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Medications & Food Interaction

By — California Childcare Health Program
Updated on Feb 25, 2011

What is a medication-food interaction?

Food is necessary for life, and medications are important for treatment of many health problems. However, when mixed together they may combine in a way that either makes the medication less effective or keeps important nutrients from being used by the body. Drug and food interactions can happen with both prescription and nonprescription (or over-the-counter) medications such as widely used antacids, vitamins and iron pills.

Are all medications affected by the food we eat?

No, but many can be affected not only by what we eat, but also by when we eat. To ensure that medications are safe and effective, carefully follow your health provider’s and pharmacist’s instructions.

How do drugs and food interact?

Certain foods, beverages, alcohol, caffeine and even cigarettes can interact with medications. Many individual factors such as dose, age, weight, gender and overall health may influence their effectiveness.

Some foods may decrease the absorption of medication. Tetracycline is a good example of a group of related antibiotics that are labeled “cyclines,” and whose absorption is significantly inhibited by milk and dairy products. Other medications which treat mild to moderate pain and fever, such as acetaminophen, are better absorbed if taken on an empty stomach.

Some foods may also increase the absorption of medication. Orange juice is a good example of food rich in vitamin C, which helps the body absorb more iron.

Alcohol increases drowsiness and slows mental and motor performance if taken with antihistamines, medications used to relieve or prevent the symptoms of cold and allergies.

Some drugs may increase or decrease appetite. For example, drugs used in the treatment of cancer frequently cause nausea and vomiting; and insulin, steroids and certain antihistamines can cause a person to feel hungrier than normal.

Some drugs interfere with the absorption of important nutrients in food. For example, mineral oil used for constipation prevents absorption of fat-soluble vitamins A, D, E and K.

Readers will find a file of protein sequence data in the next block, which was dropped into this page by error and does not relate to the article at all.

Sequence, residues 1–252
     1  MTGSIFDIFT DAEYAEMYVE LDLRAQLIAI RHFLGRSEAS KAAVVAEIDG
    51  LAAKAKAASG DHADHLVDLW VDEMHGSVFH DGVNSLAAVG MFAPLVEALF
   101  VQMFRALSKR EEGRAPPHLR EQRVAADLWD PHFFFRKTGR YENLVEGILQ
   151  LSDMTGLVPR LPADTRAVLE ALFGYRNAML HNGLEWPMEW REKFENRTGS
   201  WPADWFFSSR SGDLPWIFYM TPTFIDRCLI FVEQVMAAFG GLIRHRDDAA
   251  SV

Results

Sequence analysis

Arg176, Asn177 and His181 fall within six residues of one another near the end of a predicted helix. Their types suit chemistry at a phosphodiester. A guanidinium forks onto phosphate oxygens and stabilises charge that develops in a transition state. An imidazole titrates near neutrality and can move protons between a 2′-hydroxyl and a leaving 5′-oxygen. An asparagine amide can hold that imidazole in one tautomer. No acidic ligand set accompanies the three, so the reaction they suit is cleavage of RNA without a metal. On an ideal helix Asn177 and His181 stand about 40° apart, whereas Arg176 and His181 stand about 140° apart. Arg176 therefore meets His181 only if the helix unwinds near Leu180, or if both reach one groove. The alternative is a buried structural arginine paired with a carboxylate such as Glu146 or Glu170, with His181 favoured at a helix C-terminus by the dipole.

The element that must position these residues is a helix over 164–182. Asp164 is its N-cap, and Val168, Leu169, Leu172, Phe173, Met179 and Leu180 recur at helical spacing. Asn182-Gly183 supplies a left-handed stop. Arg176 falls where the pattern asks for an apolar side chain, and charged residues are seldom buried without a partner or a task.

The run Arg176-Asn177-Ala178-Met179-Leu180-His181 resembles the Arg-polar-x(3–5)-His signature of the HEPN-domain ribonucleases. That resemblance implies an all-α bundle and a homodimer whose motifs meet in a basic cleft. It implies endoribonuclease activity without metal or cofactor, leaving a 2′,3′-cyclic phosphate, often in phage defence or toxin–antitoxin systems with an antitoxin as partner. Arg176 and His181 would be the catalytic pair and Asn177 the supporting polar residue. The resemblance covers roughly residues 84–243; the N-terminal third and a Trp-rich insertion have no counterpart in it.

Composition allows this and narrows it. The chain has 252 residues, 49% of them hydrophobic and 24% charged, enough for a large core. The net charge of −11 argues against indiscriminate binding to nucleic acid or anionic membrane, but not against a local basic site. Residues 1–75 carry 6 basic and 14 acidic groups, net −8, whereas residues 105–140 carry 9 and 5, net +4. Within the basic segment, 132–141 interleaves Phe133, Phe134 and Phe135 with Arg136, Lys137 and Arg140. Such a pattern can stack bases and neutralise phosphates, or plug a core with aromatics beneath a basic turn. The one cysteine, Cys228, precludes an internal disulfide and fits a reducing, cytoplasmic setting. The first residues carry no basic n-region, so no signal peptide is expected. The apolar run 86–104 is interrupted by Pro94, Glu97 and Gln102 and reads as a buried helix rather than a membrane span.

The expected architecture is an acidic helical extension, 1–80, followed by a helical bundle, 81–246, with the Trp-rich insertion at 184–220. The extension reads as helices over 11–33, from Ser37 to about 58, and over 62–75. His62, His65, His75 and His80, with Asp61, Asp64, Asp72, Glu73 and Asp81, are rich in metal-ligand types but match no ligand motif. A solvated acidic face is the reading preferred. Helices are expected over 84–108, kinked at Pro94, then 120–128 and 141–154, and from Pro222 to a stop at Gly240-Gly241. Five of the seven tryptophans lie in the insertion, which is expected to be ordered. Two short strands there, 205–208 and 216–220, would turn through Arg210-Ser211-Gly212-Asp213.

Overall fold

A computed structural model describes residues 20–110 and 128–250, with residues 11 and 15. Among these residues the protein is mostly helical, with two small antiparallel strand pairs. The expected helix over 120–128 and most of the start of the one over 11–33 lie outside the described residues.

Some medications can irritate the stomach, so it is best to take them with food or milk.

Remember: Not only can medications interact with food and alcohol, they can also interact with each other.

Tips to remember about medication-food interactions

  • Make sure your health care provider knows about every medication taken regularly or occasionally, including over-the-counter ones.
  • Read directions, warnings and interaction precautions printed on all medication labels and packages, including over-the-counter remedies. If you need more information, ask your health care provider or pharmacist.
  • Follow directions and take medication as prescribed.
  • Take medicine with a full glass of water.
  • Do not mix medication with food or take capsules apart unless told to do so by your health care provider.
  • Do not take vitamin pills at the same time you take medications, because vitamins and minerals can interact with some drugs.
  • Never take medication with hot drinks because the heat may destroy its effectiveness.
  • Never take medication with alcohol.
  • If your child attends child care or school, discuss ways of reducing the number of medications and doses with your health care provider.
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